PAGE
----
How to Get Your Finances Ready for a Mortgage

Buying a home is a milestone and an achievement, but if you plan to apply for a mortgage, you need to get your finances ready in advance. Getting a mortgage can be hard if you’re not ready, and successfully paying it off can be even harder. You’ll have better luck with lenders and handle the monthly payments better if you’re sure you’re ready before you apply for a mortgage.

You need to make sure your credit is as good as you can make it in order to qualify for lower interest rates on your loan. You need to pay off as much of your debt as you can so that lenders will be comfortable giving you a monthly mortgage payment to take on. And you’ll need to save lots of money – not just for a down payment, but also for closing costs, inspection fees, and emergency repairs that your new home might need after you move into it.

Check Your Credit

The very first thing you should do to get ready for a mortgage is check your credit. If you want to get a conventional loan, most lenders are going to want to see a credit score of at least 620. A higher credit score will also mean lower interest rates, which can save you tens of thousands of dollars over the life of the loan. There are online calculators available to help you figure out what your interest rate will be and how much money you could save, based on your credit score.

If your credit isn’t great, that doesn’t necessarily mean you can’t buy a house. You can get an FHA home loan with a credit score as low as 500 if you’re willing to put 10 percent down. If your credit score is at least 580, you can get an FHA home loan with as little as 3.5 percent down. Some government-backed loans, like the U.S. Department of Agriculture (USDA) loans or the Veterans Benefits Administration (VA) loans, don’t even have minimum credit score requirements.

However, you’ll still get better interest rates if you can improve your credit. Dispute any inaccuracies in your credit report. If you have unpaid items in collections, try to pay them off or at least settle the debts. Make your debt payments on time. Have a mix of different credit accounts in your name – for example, installment loans like car loans or student loans, as well as revolving credit like credit cards. Hold off on opening any new credit accounts right before you apply for a mortgage, as these will generate hard inquiries that will lower your credit score somewhat.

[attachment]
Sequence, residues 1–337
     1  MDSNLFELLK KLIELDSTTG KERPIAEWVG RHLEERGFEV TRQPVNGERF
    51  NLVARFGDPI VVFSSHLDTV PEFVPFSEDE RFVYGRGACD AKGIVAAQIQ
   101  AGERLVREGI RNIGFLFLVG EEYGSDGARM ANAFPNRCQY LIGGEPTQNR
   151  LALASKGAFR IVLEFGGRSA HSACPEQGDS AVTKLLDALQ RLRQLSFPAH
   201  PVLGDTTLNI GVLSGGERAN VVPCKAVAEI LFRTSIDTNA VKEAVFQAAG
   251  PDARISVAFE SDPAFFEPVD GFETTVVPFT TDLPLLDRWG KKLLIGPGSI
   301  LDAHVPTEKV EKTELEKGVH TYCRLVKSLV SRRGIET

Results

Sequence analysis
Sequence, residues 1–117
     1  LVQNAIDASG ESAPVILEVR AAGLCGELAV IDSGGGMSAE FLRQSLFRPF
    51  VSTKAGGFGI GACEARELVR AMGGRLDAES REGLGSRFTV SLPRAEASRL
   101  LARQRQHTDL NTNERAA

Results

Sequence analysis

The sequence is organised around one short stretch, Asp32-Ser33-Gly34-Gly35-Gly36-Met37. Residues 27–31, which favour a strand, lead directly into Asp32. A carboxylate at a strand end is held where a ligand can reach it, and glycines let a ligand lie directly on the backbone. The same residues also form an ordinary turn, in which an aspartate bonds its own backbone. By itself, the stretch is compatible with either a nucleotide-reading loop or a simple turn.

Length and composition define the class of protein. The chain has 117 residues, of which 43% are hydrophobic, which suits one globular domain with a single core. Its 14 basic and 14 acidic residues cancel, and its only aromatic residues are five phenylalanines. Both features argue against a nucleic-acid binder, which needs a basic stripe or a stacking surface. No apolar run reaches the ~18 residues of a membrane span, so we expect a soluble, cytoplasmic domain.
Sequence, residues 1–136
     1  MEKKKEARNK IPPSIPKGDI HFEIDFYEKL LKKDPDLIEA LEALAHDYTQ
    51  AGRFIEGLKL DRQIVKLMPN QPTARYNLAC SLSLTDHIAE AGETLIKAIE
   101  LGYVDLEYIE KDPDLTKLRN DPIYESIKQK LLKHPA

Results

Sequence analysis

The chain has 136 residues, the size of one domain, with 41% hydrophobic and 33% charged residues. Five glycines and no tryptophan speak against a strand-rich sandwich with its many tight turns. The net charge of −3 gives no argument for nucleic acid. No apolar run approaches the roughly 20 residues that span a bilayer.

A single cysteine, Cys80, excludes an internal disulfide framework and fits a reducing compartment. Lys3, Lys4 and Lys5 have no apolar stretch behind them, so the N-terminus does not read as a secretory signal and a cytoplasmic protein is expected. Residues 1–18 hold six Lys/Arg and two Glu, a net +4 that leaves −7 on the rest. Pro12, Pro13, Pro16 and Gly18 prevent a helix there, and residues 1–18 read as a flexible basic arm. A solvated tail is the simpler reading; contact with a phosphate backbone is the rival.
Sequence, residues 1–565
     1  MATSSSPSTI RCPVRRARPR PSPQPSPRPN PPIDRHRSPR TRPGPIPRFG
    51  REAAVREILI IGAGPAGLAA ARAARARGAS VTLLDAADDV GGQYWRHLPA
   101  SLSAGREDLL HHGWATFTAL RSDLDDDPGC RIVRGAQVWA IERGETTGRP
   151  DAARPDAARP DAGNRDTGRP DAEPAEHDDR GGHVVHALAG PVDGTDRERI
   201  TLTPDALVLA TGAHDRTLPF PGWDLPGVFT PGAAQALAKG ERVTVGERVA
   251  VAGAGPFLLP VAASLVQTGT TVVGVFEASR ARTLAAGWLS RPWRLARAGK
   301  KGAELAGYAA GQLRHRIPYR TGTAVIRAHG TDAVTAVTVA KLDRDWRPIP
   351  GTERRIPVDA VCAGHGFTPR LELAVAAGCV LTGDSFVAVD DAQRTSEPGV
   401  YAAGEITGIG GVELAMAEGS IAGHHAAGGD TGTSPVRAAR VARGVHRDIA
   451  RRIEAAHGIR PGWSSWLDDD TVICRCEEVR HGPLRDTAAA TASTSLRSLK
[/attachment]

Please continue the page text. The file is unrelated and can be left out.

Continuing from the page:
Pay Off Debt

Paying off debt, especially credit card debt, can boost your credit score by improving your credit utilization ratio, or the amount of your total available credit you’re actually using. It’s also important to pay off as much of your debt as possible before you apply for a mortgage. It’s not that you can’t have other debt payments, but lenders will look at your debt-to-income ratio (DTI) to figure out how much of your monthly income goes to paying debt. They use this information to help them see how a mortgage payment would fit into your debt picture, and to determine how likely you are to be able to make the monthly payments. You need a DTI of less than 43 percent, but the lower your DTI, the less of a risk you’ll seem to lenders.

Save Plenty of Money

You should save up as much as you can for a down payment, because if you make a down payment of less than 20 percent, you’re going to have to pay for private mortgage insurance (PMI), and that will increase your monthly payment. A larger down payment will also mean having more equity in the home right away. But buying a house costs a lot more than the down payment.

You’ll also need to cover closing costs, which can be three to six percent of the purchase price of the house. You’ll need to cover inspection fees, which can be more than a thousand dollars. Once you have the house, you’ll need money in savings to handle any emergency repairs that crop up – and Murphy’s Law says that there’s going to be one immediately after closing.

If you know you’re going to want to apply for a mortgage eventually, start preparing your finances now. You can’t take too much time to pay off debt, save money, and raise your credit score. In the end, it could mean the difference between getting your dream house or not.

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